The Gecko Log Structured Storage System


Disk contention is increasingly a significant problem for cloud storage, as applications are forced to co-exist on machines and share physical disk resources. Disks are notoriously sensitive to contention; a single application’s random I/O is sufficient to reduce the throughput of a disk array by an order of magnitude, disrupting every other application running on the same array. Log-structured storage designs can alleviate write-write contention between applications by sequentializing all writes, but have historically suffered from read-write contention triggered by garbage collection (GC) as well as application reads. Gecko is a novel log-structured design that eliminates read-write contention by chaining together a small number of drives into a single log, effectively separating the tail of the log (where writes are appended) from its body. As a result, writes proceed to the tail drive without contention from either GC reads or first-class reads, which are restricted to the body of the log with the help of a tail-specific caching policy. Gecko trades-off maximum contention-free sequential throughput from multiple drives in exchange for a stable and predictable maximum throughput from a single uncontended drive, and achieves better performance compared to native log-structured or RAID based systems for most cases. Our in-kernel implementation provides random write bandwidth to applications of 60 to 120MB/s, despite concurrent GC activity, application reads, and an adversarial workload.



Gecko early concept slides

Download dm-gecko (implemented using the Linux device-mapper)

  • Alpha version (do not use to store your critical data): repository snapshot.

  • You can explore the source code by pointing your browser here (may be slightly out of date).


  1. Download and build the snapshot (type 'make' in the gecko folder---all subsequent instructions assume gecko folder to be the current directory). Make sure you have the Linux headers installed, e.g. in Ubuntu the package is called linux-headers-2.6.xx-xx where xx-xx should match your current kernel (type 'uname -r' to find it out). The kernel module was tested on kernel versions 2.6.35 and 2.6.36.

  2. Edit the file to reflect the disks attached to your system and run it (alternatively, you can edit the file if you plan to use loop devices, say in a virtual machine).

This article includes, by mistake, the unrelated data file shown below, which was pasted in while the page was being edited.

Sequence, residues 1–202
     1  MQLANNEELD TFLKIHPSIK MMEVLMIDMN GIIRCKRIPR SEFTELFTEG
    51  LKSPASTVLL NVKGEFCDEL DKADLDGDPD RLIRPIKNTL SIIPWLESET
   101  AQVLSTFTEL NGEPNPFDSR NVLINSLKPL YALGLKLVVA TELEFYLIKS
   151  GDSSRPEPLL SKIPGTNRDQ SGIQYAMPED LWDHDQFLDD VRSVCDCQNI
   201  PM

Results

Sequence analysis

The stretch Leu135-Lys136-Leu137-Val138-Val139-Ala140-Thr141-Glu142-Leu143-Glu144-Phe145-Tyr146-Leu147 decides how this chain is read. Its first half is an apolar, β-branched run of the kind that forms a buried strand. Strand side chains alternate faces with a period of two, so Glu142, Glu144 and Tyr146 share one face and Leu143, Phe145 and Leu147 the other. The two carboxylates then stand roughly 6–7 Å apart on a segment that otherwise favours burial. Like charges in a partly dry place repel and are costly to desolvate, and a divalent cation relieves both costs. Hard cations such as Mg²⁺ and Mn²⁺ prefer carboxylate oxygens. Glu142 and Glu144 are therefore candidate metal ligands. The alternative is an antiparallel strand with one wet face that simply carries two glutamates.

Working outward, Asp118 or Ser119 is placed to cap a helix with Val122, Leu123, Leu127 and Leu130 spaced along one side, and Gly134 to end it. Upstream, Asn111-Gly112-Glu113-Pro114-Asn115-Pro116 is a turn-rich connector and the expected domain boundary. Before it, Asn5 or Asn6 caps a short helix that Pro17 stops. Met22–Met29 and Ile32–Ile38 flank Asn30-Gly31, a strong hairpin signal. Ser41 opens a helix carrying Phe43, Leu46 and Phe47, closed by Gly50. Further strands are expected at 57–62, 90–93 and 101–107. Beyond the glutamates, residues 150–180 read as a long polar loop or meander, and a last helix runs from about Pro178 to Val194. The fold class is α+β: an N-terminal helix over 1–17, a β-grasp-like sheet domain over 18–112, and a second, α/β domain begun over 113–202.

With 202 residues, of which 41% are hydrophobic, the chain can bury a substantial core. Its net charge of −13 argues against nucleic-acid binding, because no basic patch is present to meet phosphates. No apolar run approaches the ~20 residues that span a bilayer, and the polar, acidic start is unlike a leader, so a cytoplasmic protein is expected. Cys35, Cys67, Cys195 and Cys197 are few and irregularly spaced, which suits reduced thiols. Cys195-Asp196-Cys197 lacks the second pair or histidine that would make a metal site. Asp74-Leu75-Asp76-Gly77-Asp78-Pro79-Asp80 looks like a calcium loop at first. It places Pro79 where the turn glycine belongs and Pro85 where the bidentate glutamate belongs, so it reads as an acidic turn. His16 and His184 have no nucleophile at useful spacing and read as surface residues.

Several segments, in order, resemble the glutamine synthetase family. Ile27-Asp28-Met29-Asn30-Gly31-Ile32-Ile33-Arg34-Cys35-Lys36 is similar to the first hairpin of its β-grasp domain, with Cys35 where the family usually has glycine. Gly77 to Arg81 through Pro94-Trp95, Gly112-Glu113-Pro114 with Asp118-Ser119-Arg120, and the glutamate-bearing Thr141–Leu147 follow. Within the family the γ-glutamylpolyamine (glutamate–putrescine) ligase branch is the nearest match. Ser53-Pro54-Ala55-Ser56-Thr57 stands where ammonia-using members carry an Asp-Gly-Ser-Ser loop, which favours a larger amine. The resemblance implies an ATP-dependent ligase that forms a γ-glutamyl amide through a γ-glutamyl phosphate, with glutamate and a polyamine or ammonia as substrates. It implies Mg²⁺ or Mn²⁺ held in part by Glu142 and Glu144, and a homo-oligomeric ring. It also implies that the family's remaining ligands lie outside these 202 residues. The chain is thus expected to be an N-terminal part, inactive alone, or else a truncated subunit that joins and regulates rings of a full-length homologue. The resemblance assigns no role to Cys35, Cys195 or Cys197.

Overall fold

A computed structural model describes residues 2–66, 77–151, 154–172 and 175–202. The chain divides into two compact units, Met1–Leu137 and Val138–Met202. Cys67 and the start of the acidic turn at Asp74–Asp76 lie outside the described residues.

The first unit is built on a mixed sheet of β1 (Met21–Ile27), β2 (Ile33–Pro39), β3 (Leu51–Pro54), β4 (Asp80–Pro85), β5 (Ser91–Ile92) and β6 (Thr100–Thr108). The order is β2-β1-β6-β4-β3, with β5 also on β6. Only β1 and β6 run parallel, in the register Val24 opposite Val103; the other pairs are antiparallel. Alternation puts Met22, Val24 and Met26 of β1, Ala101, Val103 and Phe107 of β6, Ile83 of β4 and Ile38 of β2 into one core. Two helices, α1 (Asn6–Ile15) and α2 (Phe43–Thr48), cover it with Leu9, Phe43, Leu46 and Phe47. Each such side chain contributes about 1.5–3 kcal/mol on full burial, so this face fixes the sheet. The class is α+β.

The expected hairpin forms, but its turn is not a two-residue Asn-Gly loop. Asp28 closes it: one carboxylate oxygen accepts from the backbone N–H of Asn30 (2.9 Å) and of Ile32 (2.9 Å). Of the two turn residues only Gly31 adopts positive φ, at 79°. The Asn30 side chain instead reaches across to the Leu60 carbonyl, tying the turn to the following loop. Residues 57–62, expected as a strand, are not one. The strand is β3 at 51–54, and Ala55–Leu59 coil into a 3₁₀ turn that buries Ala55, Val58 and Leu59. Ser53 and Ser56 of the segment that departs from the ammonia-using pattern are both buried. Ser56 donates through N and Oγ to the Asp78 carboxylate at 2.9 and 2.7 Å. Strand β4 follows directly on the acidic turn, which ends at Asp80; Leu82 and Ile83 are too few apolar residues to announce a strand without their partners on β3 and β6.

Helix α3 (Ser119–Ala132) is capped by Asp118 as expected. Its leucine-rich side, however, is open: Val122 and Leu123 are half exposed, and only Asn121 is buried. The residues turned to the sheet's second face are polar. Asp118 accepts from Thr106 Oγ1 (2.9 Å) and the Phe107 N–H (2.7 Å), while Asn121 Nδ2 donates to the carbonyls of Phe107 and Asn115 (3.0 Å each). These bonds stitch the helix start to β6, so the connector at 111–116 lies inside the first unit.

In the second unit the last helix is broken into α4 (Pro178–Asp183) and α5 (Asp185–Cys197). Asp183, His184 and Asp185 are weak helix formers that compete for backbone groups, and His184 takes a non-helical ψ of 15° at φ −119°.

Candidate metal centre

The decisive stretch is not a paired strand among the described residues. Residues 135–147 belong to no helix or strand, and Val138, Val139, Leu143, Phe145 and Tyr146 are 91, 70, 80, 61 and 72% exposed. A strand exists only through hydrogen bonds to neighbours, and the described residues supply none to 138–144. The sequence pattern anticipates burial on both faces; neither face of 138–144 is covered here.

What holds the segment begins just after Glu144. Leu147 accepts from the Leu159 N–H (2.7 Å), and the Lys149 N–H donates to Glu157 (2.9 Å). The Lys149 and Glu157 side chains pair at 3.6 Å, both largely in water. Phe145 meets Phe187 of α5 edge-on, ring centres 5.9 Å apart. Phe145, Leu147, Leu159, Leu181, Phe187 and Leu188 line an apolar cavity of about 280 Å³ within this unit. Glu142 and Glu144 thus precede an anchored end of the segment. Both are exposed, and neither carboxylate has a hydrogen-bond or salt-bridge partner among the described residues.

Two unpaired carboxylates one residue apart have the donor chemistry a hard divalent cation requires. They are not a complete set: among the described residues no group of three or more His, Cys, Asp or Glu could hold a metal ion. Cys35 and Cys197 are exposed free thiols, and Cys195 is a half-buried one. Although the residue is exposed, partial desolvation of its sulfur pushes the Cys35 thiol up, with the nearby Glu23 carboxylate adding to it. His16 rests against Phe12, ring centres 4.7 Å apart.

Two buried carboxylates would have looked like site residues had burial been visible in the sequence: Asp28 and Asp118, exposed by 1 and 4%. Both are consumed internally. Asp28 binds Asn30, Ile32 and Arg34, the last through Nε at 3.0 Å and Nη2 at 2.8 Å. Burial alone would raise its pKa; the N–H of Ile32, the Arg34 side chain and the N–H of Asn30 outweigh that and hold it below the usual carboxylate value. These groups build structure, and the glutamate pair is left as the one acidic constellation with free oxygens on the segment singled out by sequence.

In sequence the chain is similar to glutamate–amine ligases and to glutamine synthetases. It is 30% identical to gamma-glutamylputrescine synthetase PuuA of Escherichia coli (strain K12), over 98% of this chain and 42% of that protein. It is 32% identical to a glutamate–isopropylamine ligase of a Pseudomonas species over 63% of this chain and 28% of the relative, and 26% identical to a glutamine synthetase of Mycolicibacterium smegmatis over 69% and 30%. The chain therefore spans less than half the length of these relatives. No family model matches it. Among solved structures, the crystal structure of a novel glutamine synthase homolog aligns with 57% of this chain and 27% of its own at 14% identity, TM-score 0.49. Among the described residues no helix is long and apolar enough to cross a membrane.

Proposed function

• The script takes two parameters as input. The first parameter is a boolean value that indicates if the gecko metadata (e.g. block level relocation maps) should be loaded from a fixed file location (currently /tmp/foo). The second parameter is the disk layout, and gecko currently supports linear and raid1 layouts. (Common usage example: bash 1 raid1)
    • To unload the gecko module (only after you unmounted any prevously mounted file system), you can use the script (bash Note that it is hardcoded to always write the gecko metadata to the fixed file location /tmp/foo, hence you should edit the script accordingly.
  3. You can start fresh; e.g. by setting the first parameter of to 0, which will not load the gecko metadata from a persistent location (e.g. /tmp/foo) effectively acting like a block-level quick format. Further, you can also zap the existing file system and create a fresh one (sudo mkfs.ext2 -b 4096 /dev/mapper/gecko).

  4. Mount the existing file system (sudo mount -t ext2 -o noatime /dev/mapper/gecko /mnt/). Note that if you don't need a file system, you can interact directly with the /dev/mapper/gecko block device as with any regular block device (e.g. blockdev, or POSIX operations like open / read / write / close).

  5. The file system is mounted as root, hence you will need to create some folders that your regular user has access to (e.g. sudo mkdir /mnt/tudorm && sudo chown -R tudorm:tudorm /mnt/tudorm).

  6. Perform work on the file system.

    • To monitor gecko continuously, you can use iostat (e.g. iostat 1 and ignore the report that appears during the first second) as well as the gecko exported device-mapper counters and stats (while [ 1 ]; do NAME=gecko; clear && sudo dmsetup table "${NAME}" && echo "" && sudo dmsetup status "${NAME}"; sleep 1 ; done).
    • To control some of the gecko knobs, you can use dmsetup message, e.g.:
      • To turn the gc (garbage collection / block relocation) on sudo dmsetup message gecko 0 "gc-on", and sudo dmsetup message gecko 0 "gc-off" to turn it off.
      • To toggle between max-throughput and power-conserving modes: sudo dmsetup message gecko 0 "set-high-read-tput" and sudo dmsetup message gecko 0 "set-low-power" respectively.
      • To toggle between more detailed dmsetup table/status counters: sudo dmsetup message gecko 0 "detail-on" and sudo dmsetup message gecko 0 "detail-off".
      • To set the high and low watermarks for the gc: sudo dmsetup message gecko 0 "set-gc-watermarks" low-watermark-integer-value high-watermark-integer-value (the watermarks are given as number of blocks, or pages---Gecko currently works with block size == page size == 4K).